Aminu Kano Teaching Hospital (AKTH) and Bayero University Kano (BUK) in Kano, Nigeria, and Vanderbilt Institute for Global Health (VIGH) have a long history of successful NIH-funded collaborations in childhood brain disorders. These three institutions are partnering on a new $1.2 million, five-year training program funded by the Fogarty International Center at the National Institutes of Health (NIH) under Fogarty’s Chronic, Non-Communicable Diseases and Disorders Across the Lifespan Training Program.
The Vanderbilt Institute for Global Health (VIGH) has received a new research grant from the National Institute of Neurological Disorders and Stroke and Fogarty International Center of the NIH to establish a large childhood status epilepticus (SE) cohort in northern Nigeria with key partners Aminu Kano Teaching Hospital (AKTH) and Bayero University, and with the Sydney Brenner Institute for Molecular Bioscience at the University of the Witwatersrand (Wits) in South Africa.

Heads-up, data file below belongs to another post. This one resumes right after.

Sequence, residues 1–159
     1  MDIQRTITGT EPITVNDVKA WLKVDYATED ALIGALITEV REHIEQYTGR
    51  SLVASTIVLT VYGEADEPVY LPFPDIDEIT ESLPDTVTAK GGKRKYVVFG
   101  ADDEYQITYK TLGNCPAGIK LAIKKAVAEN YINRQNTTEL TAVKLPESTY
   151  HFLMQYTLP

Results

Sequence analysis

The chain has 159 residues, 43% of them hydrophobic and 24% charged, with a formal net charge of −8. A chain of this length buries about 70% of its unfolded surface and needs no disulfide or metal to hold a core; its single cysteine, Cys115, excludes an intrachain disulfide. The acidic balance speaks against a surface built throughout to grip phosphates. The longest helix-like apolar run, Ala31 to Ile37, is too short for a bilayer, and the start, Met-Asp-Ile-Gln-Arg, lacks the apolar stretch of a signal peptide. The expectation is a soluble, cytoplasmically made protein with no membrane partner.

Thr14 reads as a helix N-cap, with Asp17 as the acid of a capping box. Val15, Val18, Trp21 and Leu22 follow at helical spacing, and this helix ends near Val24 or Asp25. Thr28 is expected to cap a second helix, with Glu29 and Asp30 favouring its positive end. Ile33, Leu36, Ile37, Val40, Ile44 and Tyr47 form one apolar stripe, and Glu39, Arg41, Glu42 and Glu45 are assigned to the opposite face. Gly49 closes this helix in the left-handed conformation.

The Vanderbilt Institute for Global Health, with Aminu Kano Teaching Hospital, will conduct a 60-site cluster randomized clinical trial in three cities in northern Nigeria to determine the efficacy of shifting childhood epilepsy care to epilepsy-trained community health extension workers with a five-year $5.9 million federal grant, “Bridging the Childhood Epilepsy Treatment Gap in Africa (BRIDGE),” from National Institute of Neurological Disorders and Stroke of the National Institutes of Health. Edwin Trevathan, M.D., M.P.H., Amos Christie Chair in Global Health, Professor of Pediatrics and